Growing up in an immigrant family my parents often reminded us of how blessed we were to grow up in America. They wanted us to know that we were living a better life, and to appreciate it. My parents didn’t want us to be lazy, or take our good fortune for granted.
When we complained about school, my mom would tell us that when she was a student, they all had to wear uniforms, and all the girls had to have their hair cut short, just below their ear lobe. The boys? They had to shave their heads. My dad told us how lucky we were that our teachers didn’t hit us with a ruler if we made mistakes.
When my parents were in school they had to study hard, from morning to night. That was their life. They had to study because if they didn’t do well on college entrance exams, that could ruin their chances of getting into a good university. Back then, students’ aptitudes determined what careers they could go into. Living in America, and having the opportunity to choose whatever career we wanted, or change our minds, was something they never had, or could even fathom.
As a first generation Asian American I intentionally teach my children to be grateful as well. Gratitude isn’t an instinct, it’s taught by example, mirrored, and honed repeatedly. I’ve found that gratitude is the key to happiness. When we focus on the good we have, the less we become consumed and pulled under, by the trials of life.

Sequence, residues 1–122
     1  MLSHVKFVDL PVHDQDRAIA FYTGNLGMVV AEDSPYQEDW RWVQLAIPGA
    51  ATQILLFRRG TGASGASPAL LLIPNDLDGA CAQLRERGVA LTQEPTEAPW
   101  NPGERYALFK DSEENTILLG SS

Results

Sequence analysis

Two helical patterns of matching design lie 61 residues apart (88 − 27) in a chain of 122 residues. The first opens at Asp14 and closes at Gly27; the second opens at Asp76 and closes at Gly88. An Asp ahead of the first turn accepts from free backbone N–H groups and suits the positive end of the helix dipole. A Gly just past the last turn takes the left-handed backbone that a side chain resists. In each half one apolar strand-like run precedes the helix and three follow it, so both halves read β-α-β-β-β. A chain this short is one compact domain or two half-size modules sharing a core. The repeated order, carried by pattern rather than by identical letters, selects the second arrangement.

Here are 5 simple ways you can help your family adopt an attitude of gratitude.
1. Say thank you often. Do it sincerely, for all the simple things we do for each other daily. Infuse your conversations with words of appreciation.
2. Take a moment, when your child, or spouse has done something thoughtful, and make a point of expressing your gratitude in words, and with physical affection. While we live in a world of mobile devices, eye-contact is invaluable.
3. Give acts of service to each other. Simple things, like making a bed, giving a shoulder massage, or holding a bag for each other can remind us of our love, and build strong bonds. It’s the small, daily acts that promote a consistency of gratitude.
4. Acknowledge when your child thanks you, or appreciates something. Positive reinforcement of their behavior lets them know that you appreciate the kind of person they are, and encourages them to be more grateful.
5. Look for things to be grateful for. The more we focus on gratitude, the more we see how blessed we are, and the happier we are.
If you’re looking for a fun craft activity to work on with your kids, last year we created gratitude trees. It was super easy, and my daughters loved it. We kept it up all of November so that we’d have a visual reminder of all our many blessings.
gift tags, varied sizes and shapes
hot glue gun
Glue burlap ribbon to the mason jar. Fill mason jar with colored sand, add the smooth rocks, arrange the branches. Write the things you’re grateful for on the individual gift tags. Hang gift tags on the branches. Display, and enjoy all month long.
Our October blog carnival is about how we give thanks. Check out what cool things my fellow #AsianMomBloggers and their family do during this season of thanks.